The Team and Marriage Woes


Lance did not wake up in a dungeon. He did not wake up in chains. He did not sleep in a tiny cot in a tiny house under a roof that leaks when it rains. 

He was no longer a prisoner. He was no longer a clerk and a secret smuggler of various goods. He would not, could not, go back to living like a prisoner in the woods. 

Not after last night. Last night had involved a hot, soapy bath in a tub built of Italian marble, where he’d been hand-washed by no less than three gorgeous beauties who had then followed him to his suite and joined him on his massive, king-sized bed, where he’d proceeded to enjoy himself in ways he hadn’t since that horrible, terrifying day in the past that had led him into years of misery. 

He woke this beautiful, happy morning surrounded by pillowy heaven, tangled in fine cotton sheets and nude companions. He then proceeded to dine on a breakfast of freshly laid eggs and freshly baked bread and fresh-squeezed guava juice and found himself feeling, for the first time in all-too-long, like a man again. His spirit felt lighter, and his being felt more whole. 

Lance emerged into the street and found Governor Koopman already waiting outside the guesthouse with a pair of Dutch marines flanking him. 

Koopman smiled with a knowing expression. “Ah. You look refreshed. A man restored.”

Embarrassed, he smiled. “I feel that way.”

“A taste of the life you should be living, not the months and years those idiot pannenkoeken have stolen from you.”

Lance couldn’t help but smile wider. “I have missed the good life. I’m definitely ready to get back to it.”

“Excellent. Come. I will show you around town on our way to your first meeting, where I will introduce you to the team.” He put a hand on Lance’s shoulder and pulled him along. 

The guesthouse Lance had slept in was in the Prestige Quarter, four culdesacs shaped like a four-leafed clover lined with fabulously decadent houses. Each mansion was three stories tall, painted white, pale pink, green, blue, orange, or yellow, fully staffed and outfitted with every amenity. It was where Koopman’s chosen talent resided in extreme comfort, though they worked downtown. 

The first stop on the way to the office was the bazaar. 

“The retail heart of the island,” Koopman waved towards the plaza.

The rectangular space was walled by two-story buildings and floored with tan paving stones. Stepped pyramids topped with umbrellas held mounds of fruits and vegetables and other edibles. But more than the usual foodstuffs, there were other goods as well. 

Lance saw dozens of different brands of wine and beer and rum, stacks of cigars and pipes, bags of mushrooms and special herbs, and pistols and muskets and knives. While many items were daily necessities or useful tools, many were luxuries. He fingered dolls, knickknacks, trinkets, souvenirs, and the kinds of items he’d last seen in modern shopping malls. It was a haven of consumerism. 

He picked up a figurine of a toy soldier, puzzled. “You sell this kind of stuff?”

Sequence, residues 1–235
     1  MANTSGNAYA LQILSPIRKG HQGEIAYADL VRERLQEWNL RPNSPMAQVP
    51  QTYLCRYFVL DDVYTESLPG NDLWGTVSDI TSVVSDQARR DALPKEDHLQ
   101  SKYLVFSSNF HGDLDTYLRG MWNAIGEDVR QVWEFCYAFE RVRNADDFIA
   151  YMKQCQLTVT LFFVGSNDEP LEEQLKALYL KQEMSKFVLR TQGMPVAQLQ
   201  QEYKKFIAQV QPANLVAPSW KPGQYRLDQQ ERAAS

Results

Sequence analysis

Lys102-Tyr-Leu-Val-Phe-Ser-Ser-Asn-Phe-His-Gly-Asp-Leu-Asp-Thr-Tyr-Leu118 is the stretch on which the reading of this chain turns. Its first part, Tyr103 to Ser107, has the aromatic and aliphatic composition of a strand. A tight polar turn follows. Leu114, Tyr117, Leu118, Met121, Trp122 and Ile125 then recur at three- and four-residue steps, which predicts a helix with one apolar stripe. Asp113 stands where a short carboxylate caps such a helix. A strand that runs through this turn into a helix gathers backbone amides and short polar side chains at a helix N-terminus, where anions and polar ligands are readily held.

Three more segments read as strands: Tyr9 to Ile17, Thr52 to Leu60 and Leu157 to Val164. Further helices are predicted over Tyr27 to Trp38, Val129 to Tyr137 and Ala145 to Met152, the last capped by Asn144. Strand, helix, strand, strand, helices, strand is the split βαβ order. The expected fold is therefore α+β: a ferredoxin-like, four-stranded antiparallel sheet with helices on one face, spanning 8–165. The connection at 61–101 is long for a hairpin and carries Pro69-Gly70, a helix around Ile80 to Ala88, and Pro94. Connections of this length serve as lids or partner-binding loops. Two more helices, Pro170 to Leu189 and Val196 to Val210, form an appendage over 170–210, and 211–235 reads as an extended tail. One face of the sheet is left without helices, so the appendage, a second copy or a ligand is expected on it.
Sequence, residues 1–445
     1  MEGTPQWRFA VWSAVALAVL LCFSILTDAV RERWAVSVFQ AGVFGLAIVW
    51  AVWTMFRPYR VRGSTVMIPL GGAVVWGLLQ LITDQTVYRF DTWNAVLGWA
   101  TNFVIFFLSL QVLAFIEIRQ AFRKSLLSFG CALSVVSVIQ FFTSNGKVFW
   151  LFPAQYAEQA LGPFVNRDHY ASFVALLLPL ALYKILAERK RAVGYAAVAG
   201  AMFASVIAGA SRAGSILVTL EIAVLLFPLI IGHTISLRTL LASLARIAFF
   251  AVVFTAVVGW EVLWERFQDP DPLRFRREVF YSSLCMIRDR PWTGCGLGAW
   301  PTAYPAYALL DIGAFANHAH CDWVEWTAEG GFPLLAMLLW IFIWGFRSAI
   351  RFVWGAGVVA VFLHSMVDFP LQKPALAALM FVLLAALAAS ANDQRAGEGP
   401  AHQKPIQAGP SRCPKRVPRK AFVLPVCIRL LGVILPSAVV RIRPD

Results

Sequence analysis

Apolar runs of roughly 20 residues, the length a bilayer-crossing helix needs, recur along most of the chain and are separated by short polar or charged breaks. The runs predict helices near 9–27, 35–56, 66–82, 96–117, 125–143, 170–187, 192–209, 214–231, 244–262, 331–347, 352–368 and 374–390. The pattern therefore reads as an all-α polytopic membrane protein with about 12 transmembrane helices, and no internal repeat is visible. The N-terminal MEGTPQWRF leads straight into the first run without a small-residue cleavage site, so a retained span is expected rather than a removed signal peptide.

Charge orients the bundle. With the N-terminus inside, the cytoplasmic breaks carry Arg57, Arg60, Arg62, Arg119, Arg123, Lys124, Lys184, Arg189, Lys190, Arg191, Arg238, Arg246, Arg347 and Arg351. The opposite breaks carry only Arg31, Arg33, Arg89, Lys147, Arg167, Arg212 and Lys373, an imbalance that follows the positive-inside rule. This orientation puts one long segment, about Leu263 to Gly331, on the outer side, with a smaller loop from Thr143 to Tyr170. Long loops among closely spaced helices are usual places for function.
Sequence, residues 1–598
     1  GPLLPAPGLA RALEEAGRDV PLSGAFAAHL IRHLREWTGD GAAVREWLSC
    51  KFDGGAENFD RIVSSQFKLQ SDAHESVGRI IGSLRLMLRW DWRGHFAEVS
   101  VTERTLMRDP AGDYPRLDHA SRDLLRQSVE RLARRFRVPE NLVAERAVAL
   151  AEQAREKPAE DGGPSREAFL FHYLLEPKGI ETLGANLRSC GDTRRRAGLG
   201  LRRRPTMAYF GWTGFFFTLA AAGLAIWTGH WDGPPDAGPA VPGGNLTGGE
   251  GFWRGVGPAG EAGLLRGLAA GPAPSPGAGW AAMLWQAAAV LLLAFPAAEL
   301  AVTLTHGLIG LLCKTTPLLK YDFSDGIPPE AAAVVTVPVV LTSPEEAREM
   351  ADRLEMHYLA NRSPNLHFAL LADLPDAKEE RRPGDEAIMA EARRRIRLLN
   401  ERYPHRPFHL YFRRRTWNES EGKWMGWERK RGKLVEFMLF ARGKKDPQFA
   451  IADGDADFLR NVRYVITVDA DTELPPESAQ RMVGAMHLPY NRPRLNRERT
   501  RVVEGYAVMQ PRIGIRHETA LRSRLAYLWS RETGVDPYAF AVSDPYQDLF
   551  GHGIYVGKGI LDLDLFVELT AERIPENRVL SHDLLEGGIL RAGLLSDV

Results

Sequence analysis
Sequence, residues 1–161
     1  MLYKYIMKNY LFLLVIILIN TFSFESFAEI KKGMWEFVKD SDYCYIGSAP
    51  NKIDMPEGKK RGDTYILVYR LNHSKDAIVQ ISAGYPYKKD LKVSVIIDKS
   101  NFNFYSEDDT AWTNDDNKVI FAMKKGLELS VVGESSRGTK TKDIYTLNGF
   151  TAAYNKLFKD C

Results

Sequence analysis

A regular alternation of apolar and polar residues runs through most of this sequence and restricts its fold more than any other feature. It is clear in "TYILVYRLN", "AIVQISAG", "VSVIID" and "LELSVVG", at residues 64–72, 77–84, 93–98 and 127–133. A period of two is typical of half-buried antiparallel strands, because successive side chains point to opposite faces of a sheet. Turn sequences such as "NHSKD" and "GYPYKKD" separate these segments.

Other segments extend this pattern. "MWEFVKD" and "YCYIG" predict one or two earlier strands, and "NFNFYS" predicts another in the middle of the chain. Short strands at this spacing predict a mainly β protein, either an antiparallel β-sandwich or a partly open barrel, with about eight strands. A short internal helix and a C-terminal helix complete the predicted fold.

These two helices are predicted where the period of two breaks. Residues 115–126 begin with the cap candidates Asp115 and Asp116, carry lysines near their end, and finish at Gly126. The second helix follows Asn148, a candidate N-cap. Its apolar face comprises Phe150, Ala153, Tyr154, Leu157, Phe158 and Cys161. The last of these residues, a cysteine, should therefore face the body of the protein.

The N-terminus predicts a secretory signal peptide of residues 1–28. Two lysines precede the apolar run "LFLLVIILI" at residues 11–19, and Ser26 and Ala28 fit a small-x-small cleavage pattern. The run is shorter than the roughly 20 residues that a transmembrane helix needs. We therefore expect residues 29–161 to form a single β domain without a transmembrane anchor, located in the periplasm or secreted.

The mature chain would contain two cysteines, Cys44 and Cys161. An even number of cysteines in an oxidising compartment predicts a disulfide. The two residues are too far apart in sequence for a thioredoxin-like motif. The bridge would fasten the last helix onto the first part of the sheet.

The governor seemed surprised. “Of course! Why wouldn’t we?”

“I used to work in a colony store. Most residents could only afford the bare necessities.” He replaced the toy next to dozens just like it on the stall table.

Koopman seemed proud and smug. “We have a lot more wealthy citizens than most colonies. We also sell to other colonies.” He rubbed his hands together. “Come, let me show you what else makes our lovely island a capitalist paradise.”

They walked about Philipsburg. Lance got a tour of a weapons factory. There was a shooting range where half-naked girls in coconut tops and palm sarongs offered various muskets, grenades, and even cannons for your trial and amusement. A well-stocked bar served libations for when your throat dried from blasting targets to pieces.

They passed by a casino just at the end of a nicer-looking pier. The building was as fancy as any he’d seen in the system, though much smaller than the gargantuan modern gambling edifices back home. It was stylish, with arched windows and doors, flowering vines on the walls, a red carpet at the double-glass door entrance, and white-and-orange guards waving in eager guests even at this early hour. 

Lance was instinctively drawn to the building. He’d been a frequent visitor to Vegas for many years.

Koopman gently steered him away. “Later, Lance, later. Trust me; you’ll love it. None of those annoying, loud slot machines with all the flashing lights. Just tables and dealers and real games. The place is nothing but class. I insisted on it. Which is fine because only the rich can afford to play here. And slots are for peasants.”

Lance noted the upscale pier. “Ah, you bring in people from other colonies to gamble?”

“Of course. Guards, governors, merchants.” He leaned over and lowered his voice. “The occasional real-world guest.”

“Really?” Lance was shocked. 

“They can’t gamble real money in here, of course. But they pay a hefty fee to secretly upload here and enjoy certain privileges unavailable in the real world.”

“Ah. I see.” He nodded and wondered just what kind of activities that meant. His imagination went a little wild and his heartbeat picked up a bit.

The pair and their guards strolled around the alcohol and drug district where multiple distilleries produced rum and beer. One warehouse had a floor covered with manure, out of which had sprung a carpet of hallucinogenic mushrooms. They peeked into a processing plant with piles of marijuana being turned into cigars and shredded leaves.